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There’s a new documentary on YouTube on the extreme demographic shifts that have been happening in China over the past few decades. In short it’s about the how China became the world’s factory and how in many ways it’s now suffering from its own economic success now that wages are no longer nearly as cheap as they were even a decade ago and new competitors jump in to fill the demand at the bottom end. I’ve seen effects of this first hand in Vietnam over the past several months.

I love a well-made piece on China and it’s hard not to sympathize with and like the main character. The area I feel like the documentary could have done better though, is technology. Technological change offers a lot of risk to Chinese migrant workers (automation, robotics, etc) and it also offers a lot of promise—new opportunities, ways to repair the environmental damage brought by China’s rapid industrialization and things we can’t even see at present. I think that the effects of technology will ultimately overwhelm the longer-term predictions of the film, though it’s impossible to say whether the net effect will be a positive or not.

4/5, worth a watch.


Teach in Taiwan or Teach in China?

Probably the second most common question I get emailed from readers of this site is this:

“I’m from the US/Canada, I’ve just graduated and I want to teach English abroad and I want to learn some Chinese. Should I teach in Taiwan or teach in China?”

With my experience of having grown up in North America and then spent most of my adult life in Taiwan and then China, teaching in and later running an EFL school, I definitely have some opinions. But there are a lot of factors involved in making a decision about where to live for a year or more of your life and Taiwan and China both have their pluses. Also remember that the situation for foreign teachers has been changing fairly quickly, especially in mainland China.

What are your goals?

The best place for you depends on what you’re looking for…

Learning Chinese

If your main goal is learning Chinese, then I can unequivocally recommend China, preferably the northeast.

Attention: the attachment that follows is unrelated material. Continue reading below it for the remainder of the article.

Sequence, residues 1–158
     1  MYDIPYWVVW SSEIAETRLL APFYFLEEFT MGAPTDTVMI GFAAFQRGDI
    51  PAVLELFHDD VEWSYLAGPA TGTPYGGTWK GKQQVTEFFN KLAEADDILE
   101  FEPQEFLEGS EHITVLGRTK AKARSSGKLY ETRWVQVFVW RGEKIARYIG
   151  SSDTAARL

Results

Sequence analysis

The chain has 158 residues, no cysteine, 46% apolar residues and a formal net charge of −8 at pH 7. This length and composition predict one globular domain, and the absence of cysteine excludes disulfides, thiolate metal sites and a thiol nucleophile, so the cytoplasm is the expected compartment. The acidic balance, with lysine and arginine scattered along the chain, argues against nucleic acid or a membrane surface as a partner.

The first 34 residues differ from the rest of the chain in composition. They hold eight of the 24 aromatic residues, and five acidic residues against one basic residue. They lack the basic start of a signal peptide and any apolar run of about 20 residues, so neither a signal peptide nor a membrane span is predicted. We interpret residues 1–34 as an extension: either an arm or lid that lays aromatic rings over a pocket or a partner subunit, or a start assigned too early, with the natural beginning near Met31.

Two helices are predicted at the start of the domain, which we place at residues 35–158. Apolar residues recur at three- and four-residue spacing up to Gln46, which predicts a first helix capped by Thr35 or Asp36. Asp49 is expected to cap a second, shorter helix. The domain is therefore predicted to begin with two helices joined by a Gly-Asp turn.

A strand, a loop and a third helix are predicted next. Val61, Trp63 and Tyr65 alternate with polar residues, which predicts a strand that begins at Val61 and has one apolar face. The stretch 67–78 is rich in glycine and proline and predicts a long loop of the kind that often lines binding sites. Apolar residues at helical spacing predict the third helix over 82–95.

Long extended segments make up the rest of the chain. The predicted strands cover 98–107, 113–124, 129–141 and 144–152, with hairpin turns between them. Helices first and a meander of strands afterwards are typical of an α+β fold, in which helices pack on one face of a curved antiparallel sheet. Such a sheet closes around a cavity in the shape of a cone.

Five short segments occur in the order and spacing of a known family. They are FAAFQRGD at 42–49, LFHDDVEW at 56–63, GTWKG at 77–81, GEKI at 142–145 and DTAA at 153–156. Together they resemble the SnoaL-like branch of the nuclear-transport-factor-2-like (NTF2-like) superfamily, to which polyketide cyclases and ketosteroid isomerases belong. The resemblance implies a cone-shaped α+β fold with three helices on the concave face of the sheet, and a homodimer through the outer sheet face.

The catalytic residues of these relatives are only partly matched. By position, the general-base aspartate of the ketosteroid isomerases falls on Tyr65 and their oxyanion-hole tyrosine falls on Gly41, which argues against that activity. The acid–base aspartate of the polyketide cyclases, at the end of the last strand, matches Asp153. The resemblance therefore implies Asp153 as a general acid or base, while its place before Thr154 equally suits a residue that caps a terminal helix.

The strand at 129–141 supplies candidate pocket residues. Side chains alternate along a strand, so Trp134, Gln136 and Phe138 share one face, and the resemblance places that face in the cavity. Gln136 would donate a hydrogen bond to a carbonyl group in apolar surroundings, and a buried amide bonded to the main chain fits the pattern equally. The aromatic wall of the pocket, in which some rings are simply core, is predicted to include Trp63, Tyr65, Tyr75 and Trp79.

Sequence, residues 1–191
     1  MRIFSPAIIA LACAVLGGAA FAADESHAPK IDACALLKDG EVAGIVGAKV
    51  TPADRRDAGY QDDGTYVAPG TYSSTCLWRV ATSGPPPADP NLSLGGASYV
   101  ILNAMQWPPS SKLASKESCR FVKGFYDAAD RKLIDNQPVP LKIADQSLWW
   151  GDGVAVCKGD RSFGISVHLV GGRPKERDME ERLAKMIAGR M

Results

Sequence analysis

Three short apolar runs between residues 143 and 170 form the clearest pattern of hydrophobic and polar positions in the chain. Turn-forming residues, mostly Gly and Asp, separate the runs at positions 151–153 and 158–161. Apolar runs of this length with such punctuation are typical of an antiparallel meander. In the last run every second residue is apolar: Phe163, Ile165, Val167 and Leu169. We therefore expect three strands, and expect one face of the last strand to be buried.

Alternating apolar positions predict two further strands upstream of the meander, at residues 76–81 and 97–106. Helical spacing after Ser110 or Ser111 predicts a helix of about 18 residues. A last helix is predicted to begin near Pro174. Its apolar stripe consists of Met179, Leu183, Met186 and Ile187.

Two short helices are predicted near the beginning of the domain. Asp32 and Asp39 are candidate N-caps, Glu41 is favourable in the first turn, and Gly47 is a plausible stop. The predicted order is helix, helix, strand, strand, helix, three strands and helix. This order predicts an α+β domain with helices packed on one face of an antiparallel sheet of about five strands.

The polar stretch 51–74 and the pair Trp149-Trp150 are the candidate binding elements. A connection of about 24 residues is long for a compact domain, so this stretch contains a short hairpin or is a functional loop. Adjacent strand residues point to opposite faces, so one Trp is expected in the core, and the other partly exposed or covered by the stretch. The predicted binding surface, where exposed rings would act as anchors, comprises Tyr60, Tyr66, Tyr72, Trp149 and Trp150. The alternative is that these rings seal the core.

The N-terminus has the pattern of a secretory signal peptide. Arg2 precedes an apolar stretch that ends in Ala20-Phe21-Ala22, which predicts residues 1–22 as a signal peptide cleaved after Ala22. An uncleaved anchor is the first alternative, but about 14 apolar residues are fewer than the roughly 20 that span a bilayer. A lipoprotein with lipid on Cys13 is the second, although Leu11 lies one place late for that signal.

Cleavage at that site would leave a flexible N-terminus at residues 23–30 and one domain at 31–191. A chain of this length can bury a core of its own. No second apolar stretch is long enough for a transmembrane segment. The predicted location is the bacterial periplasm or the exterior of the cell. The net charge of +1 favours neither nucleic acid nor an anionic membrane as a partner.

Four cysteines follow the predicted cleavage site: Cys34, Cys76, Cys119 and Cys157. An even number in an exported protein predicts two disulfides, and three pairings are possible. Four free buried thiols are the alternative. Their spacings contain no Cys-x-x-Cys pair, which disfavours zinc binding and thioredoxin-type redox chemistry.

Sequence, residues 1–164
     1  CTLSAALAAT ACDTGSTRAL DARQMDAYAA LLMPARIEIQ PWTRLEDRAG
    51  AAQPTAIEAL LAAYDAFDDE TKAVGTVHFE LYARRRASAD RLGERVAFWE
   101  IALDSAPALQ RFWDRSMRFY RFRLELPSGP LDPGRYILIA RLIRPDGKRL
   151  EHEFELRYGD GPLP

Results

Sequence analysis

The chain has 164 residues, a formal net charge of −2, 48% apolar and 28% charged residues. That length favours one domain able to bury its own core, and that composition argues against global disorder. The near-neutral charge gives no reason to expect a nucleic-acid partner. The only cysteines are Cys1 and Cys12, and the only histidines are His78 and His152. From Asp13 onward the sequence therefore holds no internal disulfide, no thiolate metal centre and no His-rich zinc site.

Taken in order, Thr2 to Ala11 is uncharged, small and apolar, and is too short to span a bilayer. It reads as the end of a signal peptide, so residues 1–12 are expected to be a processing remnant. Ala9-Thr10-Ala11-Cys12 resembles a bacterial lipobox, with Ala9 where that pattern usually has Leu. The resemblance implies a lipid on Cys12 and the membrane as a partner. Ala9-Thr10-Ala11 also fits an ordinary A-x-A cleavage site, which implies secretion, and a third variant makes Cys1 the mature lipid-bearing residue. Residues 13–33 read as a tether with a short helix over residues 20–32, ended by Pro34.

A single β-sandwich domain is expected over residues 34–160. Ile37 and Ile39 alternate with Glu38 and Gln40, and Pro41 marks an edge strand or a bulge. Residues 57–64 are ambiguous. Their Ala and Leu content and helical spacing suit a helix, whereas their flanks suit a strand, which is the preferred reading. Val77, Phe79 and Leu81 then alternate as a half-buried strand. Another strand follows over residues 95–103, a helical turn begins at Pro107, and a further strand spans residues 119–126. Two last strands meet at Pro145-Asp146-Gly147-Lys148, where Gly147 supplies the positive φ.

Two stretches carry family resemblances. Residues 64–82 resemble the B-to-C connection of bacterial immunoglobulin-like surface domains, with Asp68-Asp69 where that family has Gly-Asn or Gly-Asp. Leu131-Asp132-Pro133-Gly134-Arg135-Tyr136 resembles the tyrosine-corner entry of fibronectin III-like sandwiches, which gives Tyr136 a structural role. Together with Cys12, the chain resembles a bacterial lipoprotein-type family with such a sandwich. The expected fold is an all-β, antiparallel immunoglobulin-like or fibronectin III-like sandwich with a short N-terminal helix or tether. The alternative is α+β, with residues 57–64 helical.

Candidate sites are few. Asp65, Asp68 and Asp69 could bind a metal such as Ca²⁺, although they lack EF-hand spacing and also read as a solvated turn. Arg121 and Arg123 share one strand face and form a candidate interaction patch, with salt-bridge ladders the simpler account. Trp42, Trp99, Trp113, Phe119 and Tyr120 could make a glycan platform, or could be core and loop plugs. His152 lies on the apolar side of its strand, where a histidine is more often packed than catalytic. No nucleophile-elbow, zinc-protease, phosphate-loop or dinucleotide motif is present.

Why? Well there are several factors that make learning Chinese in Taiwan harder. First of all, people there speak more English and they expect to speak more English with you if you’re white, black or anyone who doesn’t look like a Chinese speaker. Secondly, it’s not even clear if Mandarin is the primary language of Taiwan yet. A lot of people speak Hokkien (also known as Taiwanese or Minnanhua) as a first language. Finally, a lot of the people who speak very little English are older and also more comfortable speaking Taiwanese instead of Mandarin. The issue or regional dialects also comes up in southern China, but in the northeast, pretty much everybody is a native Mandarin speaker.

A related issue is the accent. I know from personal experience that the accent and dialect considered “standard” in Taiwan is hard for a lot of mainland Chinese to understand. This is problem since the vast, vast majority of Mandarin speakers are from mainland China. On the other hand, if you speak in an accent similarly to what’s on TV in China, you’ll be understood on both sides of the strait. Finally, the Chinese characters used in Taiwan are traditional characters, or fántǐzì (繁體字), whereas China and Singapore use simplified characters, or jiāntǐzì (简体字). This means that even if your Chinese study in Taiwan is successful, you may find yourself unable to understand simple words like “car” or “from” when you go to China.

This said, you can learn Chinese in Taiwan (or even back home) if you’re willing to work hard. Another minor plus in Taiwan is that there’s more interesting media to learn from. China has been catching up in that regard, though.

Quality of Life

Here, once again it’s no contest. Taiwan is amongst the best places to live on the entire planet. Life in general is convenient. The island is covered with 7–11s, and you can not only pay your bills there but you can pick up stuff you buy on the internet, too! The government has done an excellent job in terms of public transportation. Taxes are low. There’s universal health care that’s both top-notch and affordable! People are nice. I don’t just say that. I actually lost my wallet on a bus once and the driver found my student ID, called my school, got my number and returned it to me! I can’t even imagine that happening in China. The air quality in Taiwan may not thrill some of us used to pristine Rocky Mountain air, but it’s not too bad.

In China, there are also a lot of people that will be nice to foreigners they befriend. Unfortunately there are a lot more who will see you as an opportunity. I was never scammed in 7 years in Taiwan, but I got ripped off several times in my first week living in China! A lot of restaurants have 2 sets of menus… regular ones, and bilingual ones with higher prices! Racism and nationalism are also significant issues.

While there’s a lot of ignorant stereotyping in Taiwan of the “Can you use chopsticks?” variety, I’ve seen more cases of outright hatred here in China… especially towards the Japanese. Sometimes it works out in the foreigner’s favor, and sometimes it doesn’t. Since the concepts of race and nationality are often conflated, it can also make for some unpleasant situations for foreigners of Chinese decent (i.e. “ABCs”, “CBCs”, etc..). I don’t want to make it sound all bad, though. I really do like living in China. It’s just that it requires a thick skin. I’d say that you also need to have a bit more social awareness. You can do just about anything and do okay in Taiwan. In China, it’s easier to piss people off.

One plus for China is prices. As long as you don’t get ripped off, a lot of things can be had for half the price they would cost in Taiwan. Things that usually get all kinds of sin taxes, such as beer or cigarettes are insanely cheap in China! Less than half a US dollar for a beer at a local restaurant is common. A pack of smokes can be bought for about $1.20.